Jan 11, 2001
Outside Magazine

Far and Wide

WHERE DO YOU GUYS get your writers? "Here's Mud in Your Eye (and Your Ears, and Your Hair, and Your Nose...)," Tim Brookes's August story on bog snorkeling, was fabulous. He captured the strange humor of the Brits, especially the Welsh. I wish they'd had this sport when I was growing up just down the road from Llanwrtyd Wells. Then in September you ran "The Last Days of the Mountain Kingdom," by Patrick Symmes. It was moving, and quite distressing. Every issue has at least one outstanding article, all very different, all very good. I'm so glad I subscribe.
Terry Hutt
Running Springs, California

WHAT A GREAT magazine. I used your travel recommendations back in 1996
to go to La Manzanilla, Mexico. The sights and sounds were exactly as you described. And this March my wife and I visited Puerto Rico, again relying on your advice. We went from a dry forest on the coast to a rainforest in the center of the island loaded with giant teak, bamboo, and mahogany. The trip began on a dark, cold February morning in Pennsylvania as I read your magazine and drank a cup of coffee on my porch. Keep up the great work!
Clint Angelozzi
Westtown, Pennsylvania

Home Fires

MIKE GRUDOWSKI includes Duluth in his list of the top ten places to live in the United States ("Welcome to Your New Backyard," September). This is the third time a city I've been living in was targeted by evil editors in Santa Fe. Both of the others—Durango and Missoula—grew like ugly weeds after making the list. I urge you all to tell every foreigner you meet that Duluth is a cold, barren, smelly Superfund site not worth a visit, and certainly not worth a move. The fishing sucks, mountain biking is impossible, and Lake Superior is too cold to do anything on or in the water. You'd love to move away from this awful place, but the pay scale is so low that you couldn't afford to rent a U-Haul to get out.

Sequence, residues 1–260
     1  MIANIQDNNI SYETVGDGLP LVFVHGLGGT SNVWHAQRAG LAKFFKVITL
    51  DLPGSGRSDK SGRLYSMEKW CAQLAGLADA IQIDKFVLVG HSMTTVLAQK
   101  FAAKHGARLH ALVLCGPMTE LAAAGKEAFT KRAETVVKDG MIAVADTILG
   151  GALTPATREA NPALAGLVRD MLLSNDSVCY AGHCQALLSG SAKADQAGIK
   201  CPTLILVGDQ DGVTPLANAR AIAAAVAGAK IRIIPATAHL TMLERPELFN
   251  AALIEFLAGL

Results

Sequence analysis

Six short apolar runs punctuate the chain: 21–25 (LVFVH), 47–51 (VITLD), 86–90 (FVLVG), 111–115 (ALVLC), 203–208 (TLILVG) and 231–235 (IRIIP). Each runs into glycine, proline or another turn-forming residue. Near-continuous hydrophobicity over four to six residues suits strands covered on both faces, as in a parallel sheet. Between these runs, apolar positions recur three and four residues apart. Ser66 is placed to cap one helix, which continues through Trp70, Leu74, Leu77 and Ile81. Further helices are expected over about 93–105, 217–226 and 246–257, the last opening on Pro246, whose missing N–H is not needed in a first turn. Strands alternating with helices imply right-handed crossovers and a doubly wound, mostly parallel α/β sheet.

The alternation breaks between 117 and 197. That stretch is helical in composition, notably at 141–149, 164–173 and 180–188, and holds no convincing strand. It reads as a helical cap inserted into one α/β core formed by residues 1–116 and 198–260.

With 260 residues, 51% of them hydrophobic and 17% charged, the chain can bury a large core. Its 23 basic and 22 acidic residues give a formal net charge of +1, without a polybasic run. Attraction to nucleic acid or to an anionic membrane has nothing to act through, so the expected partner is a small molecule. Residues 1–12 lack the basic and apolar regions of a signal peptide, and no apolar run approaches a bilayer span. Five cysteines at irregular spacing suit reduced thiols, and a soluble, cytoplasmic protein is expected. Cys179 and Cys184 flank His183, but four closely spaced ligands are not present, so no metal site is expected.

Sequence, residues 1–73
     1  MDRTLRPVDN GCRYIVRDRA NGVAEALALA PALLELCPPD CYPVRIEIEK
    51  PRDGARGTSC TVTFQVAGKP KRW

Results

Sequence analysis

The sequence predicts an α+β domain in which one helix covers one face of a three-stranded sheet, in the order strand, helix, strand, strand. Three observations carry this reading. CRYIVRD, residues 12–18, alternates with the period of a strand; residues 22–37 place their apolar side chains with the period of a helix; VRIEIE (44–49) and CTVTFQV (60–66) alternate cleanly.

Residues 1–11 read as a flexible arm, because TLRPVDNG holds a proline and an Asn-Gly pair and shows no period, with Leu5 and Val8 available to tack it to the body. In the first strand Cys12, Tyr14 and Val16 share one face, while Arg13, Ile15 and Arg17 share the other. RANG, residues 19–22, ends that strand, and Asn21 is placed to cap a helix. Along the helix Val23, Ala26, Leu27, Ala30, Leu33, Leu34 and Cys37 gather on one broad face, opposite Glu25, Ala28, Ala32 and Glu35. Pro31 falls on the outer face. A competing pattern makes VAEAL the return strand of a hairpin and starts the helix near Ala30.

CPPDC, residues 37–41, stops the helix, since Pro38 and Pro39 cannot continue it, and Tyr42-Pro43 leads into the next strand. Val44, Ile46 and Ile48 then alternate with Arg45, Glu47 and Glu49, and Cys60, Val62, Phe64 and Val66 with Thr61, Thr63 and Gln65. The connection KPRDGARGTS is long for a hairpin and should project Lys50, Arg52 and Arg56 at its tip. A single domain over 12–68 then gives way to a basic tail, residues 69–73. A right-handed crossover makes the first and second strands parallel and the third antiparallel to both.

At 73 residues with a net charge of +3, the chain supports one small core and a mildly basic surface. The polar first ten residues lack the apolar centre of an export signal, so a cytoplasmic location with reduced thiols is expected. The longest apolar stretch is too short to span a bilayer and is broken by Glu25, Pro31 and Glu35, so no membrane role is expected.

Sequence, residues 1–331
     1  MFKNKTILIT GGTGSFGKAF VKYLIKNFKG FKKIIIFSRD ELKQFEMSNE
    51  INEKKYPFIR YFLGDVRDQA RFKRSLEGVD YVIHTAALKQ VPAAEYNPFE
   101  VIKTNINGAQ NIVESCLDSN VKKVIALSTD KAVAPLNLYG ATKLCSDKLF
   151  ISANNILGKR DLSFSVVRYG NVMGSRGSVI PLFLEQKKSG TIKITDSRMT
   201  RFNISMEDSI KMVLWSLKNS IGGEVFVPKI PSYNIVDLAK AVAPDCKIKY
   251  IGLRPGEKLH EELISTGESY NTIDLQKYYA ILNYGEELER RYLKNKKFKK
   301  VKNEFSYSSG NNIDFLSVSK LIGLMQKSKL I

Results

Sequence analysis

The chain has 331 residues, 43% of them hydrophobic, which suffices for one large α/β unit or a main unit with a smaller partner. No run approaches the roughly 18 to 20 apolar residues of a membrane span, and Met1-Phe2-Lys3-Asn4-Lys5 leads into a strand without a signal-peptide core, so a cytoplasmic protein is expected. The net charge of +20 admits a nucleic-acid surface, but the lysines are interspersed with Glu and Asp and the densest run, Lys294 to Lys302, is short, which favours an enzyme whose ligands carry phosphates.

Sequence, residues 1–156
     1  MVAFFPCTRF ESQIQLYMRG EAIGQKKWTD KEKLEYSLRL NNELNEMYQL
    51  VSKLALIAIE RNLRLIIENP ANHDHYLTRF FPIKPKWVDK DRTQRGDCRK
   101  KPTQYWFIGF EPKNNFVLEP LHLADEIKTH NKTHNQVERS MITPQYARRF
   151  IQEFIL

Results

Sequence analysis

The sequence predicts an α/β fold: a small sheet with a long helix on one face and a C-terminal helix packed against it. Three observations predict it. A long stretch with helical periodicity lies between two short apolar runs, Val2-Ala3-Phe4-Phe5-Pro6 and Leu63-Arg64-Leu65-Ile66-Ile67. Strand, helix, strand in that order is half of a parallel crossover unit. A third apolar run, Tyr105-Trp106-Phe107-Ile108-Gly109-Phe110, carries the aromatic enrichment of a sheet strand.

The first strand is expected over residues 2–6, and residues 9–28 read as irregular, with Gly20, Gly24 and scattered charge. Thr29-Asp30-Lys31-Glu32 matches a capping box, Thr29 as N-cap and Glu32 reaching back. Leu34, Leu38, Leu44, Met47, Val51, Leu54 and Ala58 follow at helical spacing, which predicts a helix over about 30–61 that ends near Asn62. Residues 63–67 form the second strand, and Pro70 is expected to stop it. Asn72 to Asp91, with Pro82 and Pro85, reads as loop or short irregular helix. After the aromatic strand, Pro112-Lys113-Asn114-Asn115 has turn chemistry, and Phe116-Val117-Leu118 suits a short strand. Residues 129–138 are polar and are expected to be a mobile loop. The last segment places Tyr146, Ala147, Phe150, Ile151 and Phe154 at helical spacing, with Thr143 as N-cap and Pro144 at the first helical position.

Dave Ojala
Duluth, Minnesota

JUST WHEN the comfortable life (at least it seemed) and a balance of work, play, kids, etc. was taking shape (or so I thought), along comes your September issue highlighting dream towns. Now the obsession begins! Thanks to you, I'm seeking other venues, other abodes, other play and work sites and opportunities that may await me in a new environ. Here's the weird part: My wife, normally a steady rock who doesn't feel the need to make changes, is right there with me on this one. Fact is, I'm struggling to keep up with her! Thanks a lot for being the spark that ignites such fires. Andy Bailie
Atlanta, Georgia

Haute or Not?

OBVIOUSLY YOUR SENIOR editors were out there researching "10 Dream Towns" when someone of lesser editorial backbone was convinced by a hard-pressing fashion-industry type dressed in black with microframed glasses to do a "cute little piece" showcasing fall fashion ("Lake Placid Luxe," September). I thought the mailman had delivered the wrong magazine until I looked at the front cover. I giggled, finally, at the herringbone coat so perfect for gathering wood, but almost barfed at "The Fish-Are-Jumping Jive." This was done by professionals? Sorry, but I haven't sold my mountain bike, fly rod, or backpack to fund the purchase of a $320 Jack Spade canvas tote bag or Diesel jeans for $199. $199?!
Bob Tesch
Montrose, Colorado